Search Engine Optimization
Case Study - Poolandspa.com
By James Maguire
May 12, 2003
FOR MORE INFORMATION CONTACT:
Jeff Baxter, Manager, Poolandspa.com
Dan Harrison has a minor obsession with search engines. Having sold pool and spa
supplies online for almost 10 years through his store, Poolandspa.com, Harrison
has tried most methods of driving traffic, from newsletters to all types of ad
placement. But he finds that none of them provides as much splash as good
placement in search engines.
"Search engines are where you make the money - period," Harrison says. "Because
the lower I can get the cost per customer acquisition, the better." He says the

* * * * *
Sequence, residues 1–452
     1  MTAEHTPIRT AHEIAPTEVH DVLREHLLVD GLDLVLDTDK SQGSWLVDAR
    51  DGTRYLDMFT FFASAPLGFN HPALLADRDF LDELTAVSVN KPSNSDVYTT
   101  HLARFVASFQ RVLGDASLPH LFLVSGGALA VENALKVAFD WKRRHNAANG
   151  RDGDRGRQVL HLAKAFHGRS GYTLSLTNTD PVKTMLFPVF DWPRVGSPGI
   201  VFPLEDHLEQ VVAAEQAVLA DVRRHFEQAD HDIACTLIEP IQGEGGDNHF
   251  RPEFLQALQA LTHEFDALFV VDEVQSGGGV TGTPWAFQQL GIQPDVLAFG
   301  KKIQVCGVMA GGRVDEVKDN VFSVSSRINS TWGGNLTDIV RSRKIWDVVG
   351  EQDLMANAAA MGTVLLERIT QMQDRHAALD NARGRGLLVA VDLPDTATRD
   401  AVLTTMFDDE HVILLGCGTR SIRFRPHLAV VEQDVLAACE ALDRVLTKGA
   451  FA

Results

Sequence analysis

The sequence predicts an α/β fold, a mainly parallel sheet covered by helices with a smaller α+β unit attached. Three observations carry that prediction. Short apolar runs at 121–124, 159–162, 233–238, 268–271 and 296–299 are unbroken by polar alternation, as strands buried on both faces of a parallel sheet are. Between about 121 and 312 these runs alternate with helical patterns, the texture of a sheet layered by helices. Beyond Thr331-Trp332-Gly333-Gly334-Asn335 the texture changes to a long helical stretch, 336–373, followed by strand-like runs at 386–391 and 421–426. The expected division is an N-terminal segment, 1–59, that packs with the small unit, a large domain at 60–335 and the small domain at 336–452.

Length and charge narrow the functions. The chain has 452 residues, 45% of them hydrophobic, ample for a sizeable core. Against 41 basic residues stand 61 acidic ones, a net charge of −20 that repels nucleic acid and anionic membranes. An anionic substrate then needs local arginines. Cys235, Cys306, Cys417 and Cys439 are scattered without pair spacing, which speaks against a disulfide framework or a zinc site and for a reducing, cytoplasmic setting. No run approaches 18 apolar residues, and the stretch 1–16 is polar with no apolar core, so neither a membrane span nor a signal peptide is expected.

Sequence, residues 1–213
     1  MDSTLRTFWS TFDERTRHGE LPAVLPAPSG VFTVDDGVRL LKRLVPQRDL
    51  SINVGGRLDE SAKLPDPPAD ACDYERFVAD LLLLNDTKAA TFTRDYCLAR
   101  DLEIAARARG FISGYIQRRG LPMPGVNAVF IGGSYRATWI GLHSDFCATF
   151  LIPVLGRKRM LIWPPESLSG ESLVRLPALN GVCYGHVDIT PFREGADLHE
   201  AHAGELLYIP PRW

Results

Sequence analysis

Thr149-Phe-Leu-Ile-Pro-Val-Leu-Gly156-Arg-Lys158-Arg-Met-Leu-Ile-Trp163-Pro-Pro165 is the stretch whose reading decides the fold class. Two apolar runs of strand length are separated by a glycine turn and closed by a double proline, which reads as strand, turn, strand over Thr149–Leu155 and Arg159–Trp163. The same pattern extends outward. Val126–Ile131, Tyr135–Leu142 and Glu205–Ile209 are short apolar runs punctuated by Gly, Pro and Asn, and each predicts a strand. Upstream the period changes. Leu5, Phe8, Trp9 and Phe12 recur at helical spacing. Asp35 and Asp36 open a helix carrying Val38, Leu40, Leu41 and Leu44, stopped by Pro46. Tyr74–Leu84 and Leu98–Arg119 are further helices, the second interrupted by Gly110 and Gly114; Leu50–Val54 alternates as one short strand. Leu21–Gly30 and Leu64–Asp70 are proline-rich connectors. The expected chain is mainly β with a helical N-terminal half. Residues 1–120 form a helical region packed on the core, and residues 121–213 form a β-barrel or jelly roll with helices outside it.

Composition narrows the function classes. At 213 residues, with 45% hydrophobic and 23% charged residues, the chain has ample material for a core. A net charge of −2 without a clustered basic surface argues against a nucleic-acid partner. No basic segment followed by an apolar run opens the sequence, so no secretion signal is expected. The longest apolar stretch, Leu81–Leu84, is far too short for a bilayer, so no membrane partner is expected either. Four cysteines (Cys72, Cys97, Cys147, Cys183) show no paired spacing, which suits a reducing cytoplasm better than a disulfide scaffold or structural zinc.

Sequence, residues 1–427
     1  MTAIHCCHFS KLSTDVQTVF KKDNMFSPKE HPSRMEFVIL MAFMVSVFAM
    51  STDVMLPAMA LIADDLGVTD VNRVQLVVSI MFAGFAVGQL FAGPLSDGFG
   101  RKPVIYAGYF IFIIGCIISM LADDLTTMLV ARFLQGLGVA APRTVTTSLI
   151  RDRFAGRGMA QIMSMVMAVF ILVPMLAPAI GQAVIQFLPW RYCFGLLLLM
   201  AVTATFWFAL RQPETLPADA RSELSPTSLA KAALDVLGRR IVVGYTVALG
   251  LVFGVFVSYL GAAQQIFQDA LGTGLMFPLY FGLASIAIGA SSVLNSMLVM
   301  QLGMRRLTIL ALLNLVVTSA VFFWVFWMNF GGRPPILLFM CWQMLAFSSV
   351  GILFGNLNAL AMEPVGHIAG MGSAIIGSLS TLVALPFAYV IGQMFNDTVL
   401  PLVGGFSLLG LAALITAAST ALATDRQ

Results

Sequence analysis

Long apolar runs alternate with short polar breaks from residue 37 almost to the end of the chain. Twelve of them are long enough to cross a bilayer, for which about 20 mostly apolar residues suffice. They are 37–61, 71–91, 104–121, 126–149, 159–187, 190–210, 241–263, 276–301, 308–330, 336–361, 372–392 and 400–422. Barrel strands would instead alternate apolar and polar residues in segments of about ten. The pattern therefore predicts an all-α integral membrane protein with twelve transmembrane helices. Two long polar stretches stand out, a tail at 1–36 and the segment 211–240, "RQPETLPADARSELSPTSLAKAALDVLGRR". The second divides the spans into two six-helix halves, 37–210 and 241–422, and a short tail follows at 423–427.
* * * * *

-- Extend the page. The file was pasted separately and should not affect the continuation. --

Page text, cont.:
majority of his traffic comes from unpaid search engine results.
Harrison's focus on search engine optimization (SEO) seems to be working: In
business since 1985 and online since 1994, his company saw 2002 revenues of
about $5 million, he says. Based in Las Vegas, PoolandSpa.com sells
approximately 130,000 skus, and in the warm weather may get 150 to 300 orders a
"I have an SEO guy who we pay thousands a dollars a month, and he's constantly
fiddling with the pages," Harrison says. He finds that this constant tweaking is
necessary to get maximum notice by spiders, the software that search engines use
to continually comb the Web for their entries.
Yet it's next to impossible to anticipate the logic these spiders use, in
Harrison's experience, because it changes so frequently. "For 'pool paint,' we
came up great in Yahoo! in February, and they changed the math equation and -
bam - all of sudden we don't come up in 'pool paint' anymore," he says. "So